The churches of Surp Arakelots (left) and Surp Astvatsatsin (right)
|Location||Sevan Peninsula, Lake Sevan, Armenia|
|Affiliation||Armenian Apostolic Church|
Sevanavank (Armenian: Սևանավանք; meaning Sevan Monastery) is a monastic complex located on a peninsula at the northwestern shore of Lake Sevan in the Gegharkunik Province of Armenia, not far from the town of Sevan. Initially the monastery was built at the southern shore of a small island. After the artificial draining of Lake Sevan, which started in the era of Joseph Stalin, the water level fell about 20 metres, and the island transformed into a peninsula. At the southern shore of this newly created peninsula, a guesthouse of the Armenian Writers' Union was built. The eastern shore is occupied by the Armenian president's summer residence, while the monastery's still active seminary moved to newly constructed buildings at the northern shore of the peninsula.
Due to easier accessibility (once it became a peninsula), good highway and railway connections with the Armenian capital Yerevan, a well-developed tourist industry in the nearby town of Sevan, and its picturesque location (although less picturesque than it was before the lake level drop), Sevanavank is one of the most visited tourism sights in Armenia.
According to an inscription in one of the churches, the monastery of Sevanavank was founded in 874 by Princess Mariam, the daughter of Ashot I (who became a king a decade later). At the time, Armenia was still struggling to free itself from Arab rule.
The monastery was strict as it was mainly intended for those monks from Etchmiadzin who had sinned. Jean-Marie Chopin, a French explorer of the Caucasus, visited there in 1830 and wrote of a regimen restraining from meat, wine, youth or women. Another explorer visited the monastery in 1850 and wrote of how manuscripts were still being copied manually.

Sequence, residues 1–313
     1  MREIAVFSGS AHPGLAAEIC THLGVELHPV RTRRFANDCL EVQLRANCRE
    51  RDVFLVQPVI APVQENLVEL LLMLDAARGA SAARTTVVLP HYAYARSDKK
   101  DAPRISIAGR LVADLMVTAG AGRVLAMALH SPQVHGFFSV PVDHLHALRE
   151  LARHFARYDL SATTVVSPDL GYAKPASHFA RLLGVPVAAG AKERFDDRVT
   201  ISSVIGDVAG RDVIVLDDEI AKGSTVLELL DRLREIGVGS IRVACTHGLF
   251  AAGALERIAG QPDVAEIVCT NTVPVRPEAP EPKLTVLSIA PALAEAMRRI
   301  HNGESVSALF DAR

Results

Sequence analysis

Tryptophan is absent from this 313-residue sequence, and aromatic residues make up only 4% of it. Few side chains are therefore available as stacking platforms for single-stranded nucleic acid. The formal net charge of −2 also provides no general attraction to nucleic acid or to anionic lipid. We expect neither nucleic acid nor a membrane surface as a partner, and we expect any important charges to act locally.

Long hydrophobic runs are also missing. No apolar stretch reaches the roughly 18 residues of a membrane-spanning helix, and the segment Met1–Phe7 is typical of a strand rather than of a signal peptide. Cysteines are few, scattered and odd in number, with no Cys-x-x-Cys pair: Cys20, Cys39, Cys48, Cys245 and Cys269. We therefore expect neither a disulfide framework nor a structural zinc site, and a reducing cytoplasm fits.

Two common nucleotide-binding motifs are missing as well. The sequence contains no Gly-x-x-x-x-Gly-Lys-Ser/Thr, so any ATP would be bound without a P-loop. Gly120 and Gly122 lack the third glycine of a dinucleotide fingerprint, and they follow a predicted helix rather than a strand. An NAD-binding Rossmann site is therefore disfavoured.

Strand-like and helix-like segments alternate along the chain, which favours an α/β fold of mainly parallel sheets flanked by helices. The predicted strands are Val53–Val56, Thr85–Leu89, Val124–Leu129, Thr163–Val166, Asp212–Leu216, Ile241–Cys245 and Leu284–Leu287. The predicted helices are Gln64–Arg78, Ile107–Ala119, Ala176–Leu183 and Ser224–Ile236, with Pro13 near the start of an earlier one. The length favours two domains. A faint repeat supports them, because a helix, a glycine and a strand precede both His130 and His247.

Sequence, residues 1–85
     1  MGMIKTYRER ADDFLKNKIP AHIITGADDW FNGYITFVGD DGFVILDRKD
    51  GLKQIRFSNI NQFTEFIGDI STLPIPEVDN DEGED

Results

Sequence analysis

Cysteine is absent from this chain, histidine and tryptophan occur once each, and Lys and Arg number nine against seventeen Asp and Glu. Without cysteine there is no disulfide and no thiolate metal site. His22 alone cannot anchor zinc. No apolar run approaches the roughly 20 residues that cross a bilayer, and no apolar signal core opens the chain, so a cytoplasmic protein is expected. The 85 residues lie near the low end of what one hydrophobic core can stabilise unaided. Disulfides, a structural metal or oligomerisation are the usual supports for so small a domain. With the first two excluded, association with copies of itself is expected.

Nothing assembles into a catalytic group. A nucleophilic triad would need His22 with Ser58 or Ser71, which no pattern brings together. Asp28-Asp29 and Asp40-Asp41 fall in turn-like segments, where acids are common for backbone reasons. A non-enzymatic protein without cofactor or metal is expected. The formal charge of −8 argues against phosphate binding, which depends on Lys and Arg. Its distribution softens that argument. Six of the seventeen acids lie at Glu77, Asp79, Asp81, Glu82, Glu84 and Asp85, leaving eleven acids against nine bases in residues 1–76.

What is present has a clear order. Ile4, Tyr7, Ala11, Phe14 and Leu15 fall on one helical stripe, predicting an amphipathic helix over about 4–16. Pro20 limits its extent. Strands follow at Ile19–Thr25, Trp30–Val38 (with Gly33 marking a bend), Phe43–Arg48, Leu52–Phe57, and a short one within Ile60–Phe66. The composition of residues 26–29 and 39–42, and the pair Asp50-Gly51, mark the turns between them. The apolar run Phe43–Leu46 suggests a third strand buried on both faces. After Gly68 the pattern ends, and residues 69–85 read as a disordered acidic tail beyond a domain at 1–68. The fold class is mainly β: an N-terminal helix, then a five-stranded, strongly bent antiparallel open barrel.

The two churches of the complex, Surp Arakelots meaning the "Holy Apostles" and Surp Astvatsatsin meaning the "Holy Mother of God", are both cruciform plan structures with octagonal tambours. Both are quite similar in appearance. Adjacent are the ruins of a gavit whose roof was originally supported by six wooden columns. Some of the remains of the gavit and its columns can be seen in the Yerevan Museum of History.
Reconstruction and restoration efforts took place from 1956 to 1957.
- Sergio La Porta. Monasticism and the construction of the Armenian intellectual tradition // Monasticism in Eastern Europe and the Former Soviet Republics / Edited by Ines Angeli Murzaku. — Routledge, 2015. — P. 332 "One of the earliest instances of a princely foundation for a monastic complex was the monastery of Sewan. Its foundation also provides the earliest explicit reference to the use of the Basilian Rule, translated in the sixth century, by an Armenian monasctic community (Garsoian 2005—7: 183). The monastery was built in 874 on the island of Sewan in Lake Sewan by Princess Mariam, daughter of Prince of Princes Ašot Bagratuni and widow of Prince Vasak Gabur Siwni (Pogossian 2012). Mariam's example was followed by her son Grigor Sup'an II as well as by other members of the Bagratuni royal family and princess of Siwnik'."
- Kiesling, Brady (2005), Rediscovering Armenia: Guide, Yerevan, Armenia: Matit Graphic Design Studio
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